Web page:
Native Gov 101: Check your citizenship expertise

Last week we posted a comment from Molly Cox, who until recently was the longtime CEO of SA2020, entitled “I don’t have the luxury of being an“ uninformed voter ”. In fact, none of us can afford such a luxury, yet so many fail to realize the potential power of their non-cast votes.

That’s the main reason a team of my colleagues here and talented friends in San Antonio’s creative community created Local Gov 101: Your Local Government Roadmap, an in-depth guide to local government. The intent is to help readers better understand the importance of city and county government, school boards, public utilities, and the many other tax-funded organizations in their lives.

Local Gov 101 was created and then posted on our website last week while I was away and recovering from knee replacement surgery. A place on the sidelines for several weeks only deepened my appreciation for the talented people who work here.

Have you read Local Gov 101? We hope that you read it, pass it on and use it as a catalyst for more civic engagement. If you appreciate this resource, we also hope you consider making a donation to become a member. Donations from readers like you support our work.

Supported as a member As a nonprofit media organization serving San Antonio, our mission requires us to do more than just cover the news. We want to inform and connect readers in such a way that they can realize their full potential as citizens. This guide, which has been in the works for months and funded by a generous grant from the Sumners Foundation in Fort Worth, complements the many civic engagements we organize and present throughout the year. This is how we distinguish the San Antonio Report from other local media.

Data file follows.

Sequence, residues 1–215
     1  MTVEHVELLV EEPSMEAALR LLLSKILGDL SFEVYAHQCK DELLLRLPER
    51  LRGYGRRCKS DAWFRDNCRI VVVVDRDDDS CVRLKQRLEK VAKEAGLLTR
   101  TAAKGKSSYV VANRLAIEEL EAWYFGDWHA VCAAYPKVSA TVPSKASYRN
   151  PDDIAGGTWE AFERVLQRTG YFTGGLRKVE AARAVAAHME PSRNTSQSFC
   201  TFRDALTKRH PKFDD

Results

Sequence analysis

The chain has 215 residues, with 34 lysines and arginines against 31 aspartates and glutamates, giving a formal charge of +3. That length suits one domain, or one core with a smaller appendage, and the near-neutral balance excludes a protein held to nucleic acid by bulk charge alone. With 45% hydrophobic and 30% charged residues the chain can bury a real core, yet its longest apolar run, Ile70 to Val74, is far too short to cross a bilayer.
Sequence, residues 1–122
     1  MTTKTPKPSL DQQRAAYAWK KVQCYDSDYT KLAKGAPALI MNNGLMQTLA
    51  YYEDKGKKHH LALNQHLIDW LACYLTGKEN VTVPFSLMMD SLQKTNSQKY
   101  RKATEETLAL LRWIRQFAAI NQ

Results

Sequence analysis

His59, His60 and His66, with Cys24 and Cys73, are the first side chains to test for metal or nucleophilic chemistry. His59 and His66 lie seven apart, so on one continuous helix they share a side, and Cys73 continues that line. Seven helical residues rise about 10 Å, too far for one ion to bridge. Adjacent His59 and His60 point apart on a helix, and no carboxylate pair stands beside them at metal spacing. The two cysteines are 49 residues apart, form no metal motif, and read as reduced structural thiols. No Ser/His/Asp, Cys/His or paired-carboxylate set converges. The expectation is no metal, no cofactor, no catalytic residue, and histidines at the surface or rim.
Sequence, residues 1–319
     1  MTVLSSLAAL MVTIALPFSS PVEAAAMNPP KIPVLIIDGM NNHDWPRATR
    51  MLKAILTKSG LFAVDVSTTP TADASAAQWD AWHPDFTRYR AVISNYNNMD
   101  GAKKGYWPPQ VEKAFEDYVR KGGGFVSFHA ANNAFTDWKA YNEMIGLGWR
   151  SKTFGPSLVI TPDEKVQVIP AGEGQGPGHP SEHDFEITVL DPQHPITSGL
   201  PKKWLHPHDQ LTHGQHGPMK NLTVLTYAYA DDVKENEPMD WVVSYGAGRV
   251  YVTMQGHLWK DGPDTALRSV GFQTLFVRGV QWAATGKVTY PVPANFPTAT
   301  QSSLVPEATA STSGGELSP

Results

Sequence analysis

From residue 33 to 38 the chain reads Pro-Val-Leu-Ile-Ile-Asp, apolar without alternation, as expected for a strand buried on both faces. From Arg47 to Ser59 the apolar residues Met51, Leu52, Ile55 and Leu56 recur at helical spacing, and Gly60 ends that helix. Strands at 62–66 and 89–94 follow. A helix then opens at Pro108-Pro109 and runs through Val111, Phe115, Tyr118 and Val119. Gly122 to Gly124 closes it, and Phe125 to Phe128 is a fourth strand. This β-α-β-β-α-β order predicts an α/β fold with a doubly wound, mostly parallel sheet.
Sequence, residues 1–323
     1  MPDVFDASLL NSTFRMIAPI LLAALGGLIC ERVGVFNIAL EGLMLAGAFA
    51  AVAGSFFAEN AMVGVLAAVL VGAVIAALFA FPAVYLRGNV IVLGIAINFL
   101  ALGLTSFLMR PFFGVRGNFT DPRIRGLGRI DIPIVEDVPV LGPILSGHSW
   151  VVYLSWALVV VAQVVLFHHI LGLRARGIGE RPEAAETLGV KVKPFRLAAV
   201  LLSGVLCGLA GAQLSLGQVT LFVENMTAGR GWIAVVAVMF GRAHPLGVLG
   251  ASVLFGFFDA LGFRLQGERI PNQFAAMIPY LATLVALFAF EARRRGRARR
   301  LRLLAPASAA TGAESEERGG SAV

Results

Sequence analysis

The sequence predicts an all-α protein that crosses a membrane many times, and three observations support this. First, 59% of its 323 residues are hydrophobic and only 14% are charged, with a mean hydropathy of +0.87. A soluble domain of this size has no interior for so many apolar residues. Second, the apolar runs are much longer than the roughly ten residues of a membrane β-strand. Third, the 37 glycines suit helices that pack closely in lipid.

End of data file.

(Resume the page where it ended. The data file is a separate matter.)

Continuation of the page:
Check out the San Antonio Report Local Government Guide to learn more about the people and processes that affect daily life in San Antonio.

Everyone knows that President Joe Biden defeated former President Donald Trump in the November 2020 general election when a record number of registered voters showed up in Bexar County and across the state and across the country. Compare that to the pitifully low turnout in the last city elections in May and there you have the problem and the challenge. Voters don’t believe that it matters that much who sits as mayor, on the city council, or on their local school board.

You are so wrong. However, most of the registered voters are insufficiently informed about the important role local government and electoral officials play in their lives and therefore choose not to participate.

My colleague Rick Casey recently turned down a proposal from Mayor Ron Nirenberg to combat voter apathy in local elections by postponing them to November. Such a move, Casey argues, would put important local decisions in the hands of uninformed voters who vote for the president or governor, but cannot distinguish a district judge from a district attorney. Cox, on the other hand, believes there is a civic responsibility to increase voter turnout and literacy in local elections, and that Nirenberg’s instincts are correct.

I see the logic of both positions. In all fairness, I’m a lot more concerned right now about the efforts of Republicans in the Red States to pass voter suppression laws. Governor Greg Abbott has called a special session of the Texas Legislature for July 8th after his party’s initial efforts to pass such a law failed in the final hours of the regular session. Ultimately, any laws that restrict access to voting will go to the US Supreme Court to be crushed, but nothing is certain and such litigation often lasts for years.